The aim of the Greeks is described in Al haNissim: ‘l’haskicham torasecha ul’ha’aviram mei’chukei retzonecha’, to cause the Torah to be forgotten and to cause us to violate the chukim of G-d’s will. The Shem m’Shmuel and others are medayek that it was not Torah in toto that the Greeks objected to, but specifically chukim. The Greeks were philosophers, logicians, the great minds of the ancient world. They respected statutes of the Torah they saw a rational and necessary to form an ethical and lawful society. What they could not accept was the Jewish people’s stubborn adherence to laws which are unfathomable. What is the purpose of law which is not a handmaiden to reason, morality, or social structure? The lesson of chok is that Torah law is obeyed because it is G-d's will, and will/desire is irreducible to reason and logic.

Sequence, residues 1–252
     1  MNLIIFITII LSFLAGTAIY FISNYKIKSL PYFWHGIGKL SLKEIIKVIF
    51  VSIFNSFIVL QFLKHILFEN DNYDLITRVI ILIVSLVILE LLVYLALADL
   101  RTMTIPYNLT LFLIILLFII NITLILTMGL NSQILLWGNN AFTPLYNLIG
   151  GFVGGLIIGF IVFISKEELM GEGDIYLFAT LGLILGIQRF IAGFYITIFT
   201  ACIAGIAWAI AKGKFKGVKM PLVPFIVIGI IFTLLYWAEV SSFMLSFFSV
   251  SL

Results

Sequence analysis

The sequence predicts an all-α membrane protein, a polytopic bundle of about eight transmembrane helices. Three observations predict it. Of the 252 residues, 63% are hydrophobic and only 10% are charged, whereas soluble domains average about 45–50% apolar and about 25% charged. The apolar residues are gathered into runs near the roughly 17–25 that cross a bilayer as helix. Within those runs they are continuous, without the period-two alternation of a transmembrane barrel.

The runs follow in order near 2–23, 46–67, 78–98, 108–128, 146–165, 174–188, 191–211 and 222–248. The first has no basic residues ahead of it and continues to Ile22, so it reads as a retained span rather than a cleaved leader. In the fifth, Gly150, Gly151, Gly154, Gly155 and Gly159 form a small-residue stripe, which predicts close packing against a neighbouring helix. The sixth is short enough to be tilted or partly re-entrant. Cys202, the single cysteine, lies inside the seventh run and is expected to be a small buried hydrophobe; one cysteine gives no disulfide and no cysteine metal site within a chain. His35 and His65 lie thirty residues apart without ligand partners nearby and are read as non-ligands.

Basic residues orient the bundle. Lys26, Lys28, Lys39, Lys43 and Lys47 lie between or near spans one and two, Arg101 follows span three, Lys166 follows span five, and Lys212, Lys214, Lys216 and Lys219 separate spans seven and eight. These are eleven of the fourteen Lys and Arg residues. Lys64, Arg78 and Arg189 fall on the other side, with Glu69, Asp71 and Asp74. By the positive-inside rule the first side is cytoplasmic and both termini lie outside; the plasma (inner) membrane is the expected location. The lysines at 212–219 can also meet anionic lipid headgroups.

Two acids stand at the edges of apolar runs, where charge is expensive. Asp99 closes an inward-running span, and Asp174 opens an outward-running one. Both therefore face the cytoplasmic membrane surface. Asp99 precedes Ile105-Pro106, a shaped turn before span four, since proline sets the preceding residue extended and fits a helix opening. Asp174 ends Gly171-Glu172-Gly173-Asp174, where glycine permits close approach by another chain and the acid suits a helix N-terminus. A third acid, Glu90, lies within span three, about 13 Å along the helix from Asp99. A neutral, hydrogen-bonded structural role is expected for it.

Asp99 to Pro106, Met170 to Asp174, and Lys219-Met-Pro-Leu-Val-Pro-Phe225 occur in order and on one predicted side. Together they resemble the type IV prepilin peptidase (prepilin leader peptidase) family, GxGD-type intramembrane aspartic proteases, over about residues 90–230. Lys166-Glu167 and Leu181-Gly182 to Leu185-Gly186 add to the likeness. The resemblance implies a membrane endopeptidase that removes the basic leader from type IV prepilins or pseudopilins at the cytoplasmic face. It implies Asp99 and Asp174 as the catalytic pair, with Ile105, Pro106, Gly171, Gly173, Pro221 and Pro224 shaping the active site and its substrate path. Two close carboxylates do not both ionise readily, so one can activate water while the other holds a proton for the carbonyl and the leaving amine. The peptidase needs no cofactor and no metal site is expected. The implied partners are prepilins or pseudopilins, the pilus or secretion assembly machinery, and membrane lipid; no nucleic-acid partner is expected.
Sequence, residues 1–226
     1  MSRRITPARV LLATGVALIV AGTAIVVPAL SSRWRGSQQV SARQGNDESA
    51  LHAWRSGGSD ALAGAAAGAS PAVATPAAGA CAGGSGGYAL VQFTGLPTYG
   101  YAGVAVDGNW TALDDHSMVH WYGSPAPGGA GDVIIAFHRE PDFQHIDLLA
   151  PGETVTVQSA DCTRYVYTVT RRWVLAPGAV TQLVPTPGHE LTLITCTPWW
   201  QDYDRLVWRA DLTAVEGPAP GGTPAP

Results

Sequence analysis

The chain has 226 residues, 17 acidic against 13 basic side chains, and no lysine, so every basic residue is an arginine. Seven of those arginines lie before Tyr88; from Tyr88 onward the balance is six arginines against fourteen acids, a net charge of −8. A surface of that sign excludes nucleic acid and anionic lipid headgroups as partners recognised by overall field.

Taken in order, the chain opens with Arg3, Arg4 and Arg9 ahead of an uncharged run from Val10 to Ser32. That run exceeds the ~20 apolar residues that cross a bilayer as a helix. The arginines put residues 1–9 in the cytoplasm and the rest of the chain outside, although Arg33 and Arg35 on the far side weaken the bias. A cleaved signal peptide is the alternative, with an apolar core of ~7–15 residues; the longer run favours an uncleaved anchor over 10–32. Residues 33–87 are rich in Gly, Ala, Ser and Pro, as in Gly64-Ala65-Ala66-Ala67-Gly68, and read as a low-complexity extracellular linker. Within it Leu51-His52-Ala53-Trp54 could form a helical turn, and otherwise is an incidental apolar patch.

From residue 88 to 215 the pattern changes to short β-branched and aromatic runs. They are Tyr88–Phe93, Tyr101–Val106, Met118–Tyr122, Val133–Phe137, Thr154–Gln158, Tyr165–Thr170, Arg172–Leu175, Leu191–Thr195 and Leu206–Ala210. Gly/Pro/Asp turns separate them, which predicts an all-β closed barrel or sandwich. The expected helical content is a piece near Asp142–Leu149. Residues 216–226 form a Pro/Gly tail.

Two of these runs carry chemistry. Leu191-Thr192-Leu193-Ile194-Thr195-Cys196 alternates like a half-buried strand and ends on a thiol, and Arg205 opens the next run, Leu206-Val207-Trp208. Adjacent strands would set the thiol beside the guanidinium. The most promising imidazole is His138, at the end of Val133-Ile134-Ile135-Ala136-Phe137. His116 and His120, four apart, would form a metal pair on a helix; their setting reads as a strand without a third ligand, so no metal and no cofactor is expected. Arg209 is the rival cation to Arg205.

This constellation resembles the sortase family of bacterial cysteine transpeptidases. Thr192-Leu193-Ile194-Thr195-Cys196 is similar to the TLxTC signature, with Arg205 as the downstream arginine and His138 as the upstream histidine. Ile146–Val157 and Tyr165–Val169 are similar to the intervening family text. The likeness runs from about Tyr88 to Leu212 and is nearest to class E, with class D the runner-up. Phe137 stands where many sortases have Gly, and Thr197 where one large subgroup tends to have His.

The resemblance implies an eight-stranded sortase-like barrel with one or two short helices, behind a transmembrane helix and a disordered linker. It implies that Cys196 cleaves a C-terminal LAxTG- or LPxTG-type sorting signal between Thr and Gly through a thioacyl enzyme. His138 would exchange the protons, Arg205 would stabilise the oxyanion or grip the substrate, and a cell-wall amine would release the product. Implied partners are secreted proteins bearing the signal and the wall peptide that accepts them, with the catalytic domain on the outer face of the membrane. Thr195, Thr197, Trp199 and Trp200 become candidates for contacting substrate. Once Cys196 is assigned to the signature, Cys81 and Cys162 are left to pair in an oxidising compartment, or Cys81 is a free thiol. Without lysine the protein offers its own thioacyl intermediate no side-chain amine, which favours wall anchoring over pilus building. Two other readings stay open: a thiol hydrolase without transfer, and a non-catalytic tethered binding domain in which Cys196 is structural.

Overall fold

Ironically, we tend to think of mysterious things as shrouded in darkness, and the process of understanding as "shedding light" on a problem. Chanukah is all about light which celebrates the mystery of the incomprehensible.
The Shem m'Shmuel's vort sets up a dichotomy between ratzon/will and seichel/reason, but that is perhaps a bit of an oversimplification - maybe more later.